9. Thank you for your help on this. I have what I need. This thread ended up heading in the same direction of a prior thread on the topic.
  10. @Retreadfed, you're right -- that is a complicated analysis that requires broad expertise and inappropriate for this forum. For the purpose of this discussion, my question is limited to how accepting/performing federal work orders would impact an affiliate. If we forgo formal subcontracts, wouldn't the affiliates then be viewed as part of the "prime contractor" and be subject to the prime contractor's obligations?
  11. Fortunately, my choice of the word "subcontract" in the original post was inaccurate - the company is currently using work orders to facilitate this work. There are no formal subcontracts at this time. I am trying to help them figure out the compliance obligations on the contract holder and affiliates performing the work. Originally, I was thinking subcontracts were a good idea, but it sounds like executing formal subcontracts may be ill advised. My concern with not using subcontracts is that the compliance obligations that apply to the contract holder would then also apply to all performing affiliates without the "flow down" filter/buffer that insulates subcontractors from many prime contractor obligations. Does that make sense? For example, not all affiliates need affirmative action plans at this point. Would the use of a "make program" somehow trigger AAP obligations for all affiliates under the parent? Or just the ones accepting/performing work orders that trigger the requirements? (Again, the concept of a "make program" is new to me, so these may be rather simple questions. I appreciate any wisdom this group can offer.)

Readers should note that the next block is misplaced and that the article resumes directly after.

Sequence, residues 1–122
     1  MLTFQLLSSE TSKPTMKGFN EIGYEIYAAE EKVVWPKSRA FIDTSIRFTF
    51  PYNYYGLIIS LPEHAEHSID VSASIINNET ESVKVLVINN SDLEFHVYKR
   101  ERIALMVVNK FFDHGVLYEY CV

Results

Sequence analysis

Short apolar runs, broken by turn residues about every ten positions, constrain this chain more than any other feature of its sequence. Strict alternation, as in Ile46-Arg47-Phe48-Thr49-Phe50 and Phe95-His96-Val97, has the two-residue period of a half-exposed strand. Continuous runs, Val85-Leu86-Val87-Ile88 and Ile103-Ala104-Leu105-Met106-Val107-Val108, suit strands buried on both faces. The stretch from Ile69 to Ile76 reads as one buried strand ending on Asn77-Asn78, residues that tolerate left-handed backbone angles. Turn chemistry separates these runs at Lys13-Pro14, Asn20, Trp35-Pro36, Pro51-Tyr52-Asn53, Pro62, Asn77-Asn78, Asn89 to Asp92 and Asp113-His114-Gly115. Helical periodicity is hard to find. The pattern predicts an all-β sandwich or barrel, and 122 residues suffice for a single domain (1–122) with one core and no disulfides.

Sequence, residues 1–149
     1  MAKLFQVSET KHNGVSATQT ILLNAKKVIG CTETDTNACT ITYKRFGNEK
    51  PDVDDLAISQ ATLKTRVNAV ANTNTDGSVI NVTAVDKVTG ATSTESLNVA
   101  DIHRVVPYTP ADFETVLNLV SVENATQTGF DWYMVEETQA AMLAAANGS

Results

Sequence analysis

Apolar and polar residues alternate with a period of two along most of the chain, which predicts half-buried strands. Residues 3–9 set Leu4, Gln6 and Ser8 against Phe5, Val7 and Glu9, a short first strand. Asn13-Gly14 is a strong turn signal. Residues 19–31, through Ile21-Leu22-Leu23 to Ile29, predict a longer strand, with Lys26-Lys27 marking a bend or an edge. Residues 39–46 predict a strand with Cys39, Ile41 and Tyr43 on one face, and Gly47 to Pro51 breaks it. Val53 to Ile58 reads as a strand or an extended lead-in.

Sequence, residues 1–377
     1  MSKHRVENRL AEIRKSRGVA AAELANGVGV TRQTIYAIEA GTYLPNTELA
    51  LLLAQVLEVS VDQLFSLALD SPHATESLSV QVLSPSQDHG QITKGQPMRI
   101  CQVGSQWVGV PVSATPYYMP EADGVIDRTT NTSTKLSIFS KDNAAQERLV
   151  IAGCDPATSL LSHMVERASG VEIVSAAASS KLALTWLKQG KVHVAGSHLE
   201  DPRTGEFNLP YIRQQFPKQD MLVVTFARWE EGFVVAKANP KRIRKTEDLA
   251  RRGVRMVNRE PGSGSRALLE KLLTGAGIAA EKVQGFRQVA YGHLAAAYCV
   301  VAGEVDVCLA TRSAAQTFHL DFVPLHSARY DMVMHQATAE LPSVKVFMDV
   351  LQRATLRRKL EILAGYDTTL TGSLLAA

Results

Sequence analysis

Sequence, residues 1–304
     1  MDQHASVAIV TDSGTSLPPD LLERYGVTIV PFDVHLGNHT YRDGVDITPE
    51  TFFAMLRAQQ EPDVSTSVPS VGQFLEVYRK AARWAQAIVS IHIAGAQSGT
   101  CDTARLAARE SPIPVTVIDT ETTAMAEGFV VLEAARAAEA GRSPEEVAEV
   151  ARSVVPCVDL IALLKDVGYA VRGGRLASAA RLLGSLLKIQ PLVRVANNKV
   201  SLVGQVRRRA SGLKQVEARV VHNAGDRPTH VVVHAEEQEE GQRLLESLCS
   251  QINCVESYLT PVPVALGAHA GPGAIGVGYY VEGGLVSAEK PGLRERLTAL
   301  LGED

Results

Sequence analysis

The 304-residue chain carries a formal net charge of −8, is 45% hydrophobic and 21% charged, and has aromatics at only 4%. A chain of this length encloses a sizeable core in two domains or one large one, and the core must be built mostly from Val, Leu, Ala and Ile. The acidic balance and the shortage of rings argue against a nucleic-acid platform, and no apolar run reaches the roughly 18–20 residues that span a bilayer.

12. I like this conclusion. But I am new to the "make" versus "buy" concepts. Does the concept of a "make program" impact the entire enterprise? Does this pull the whole network of affiliated entities under contractual compliance requirements? For example - How do we decide which affiliates must have affirmative action plans? I would greatly appreciate any general guidance on make/buy you can offer.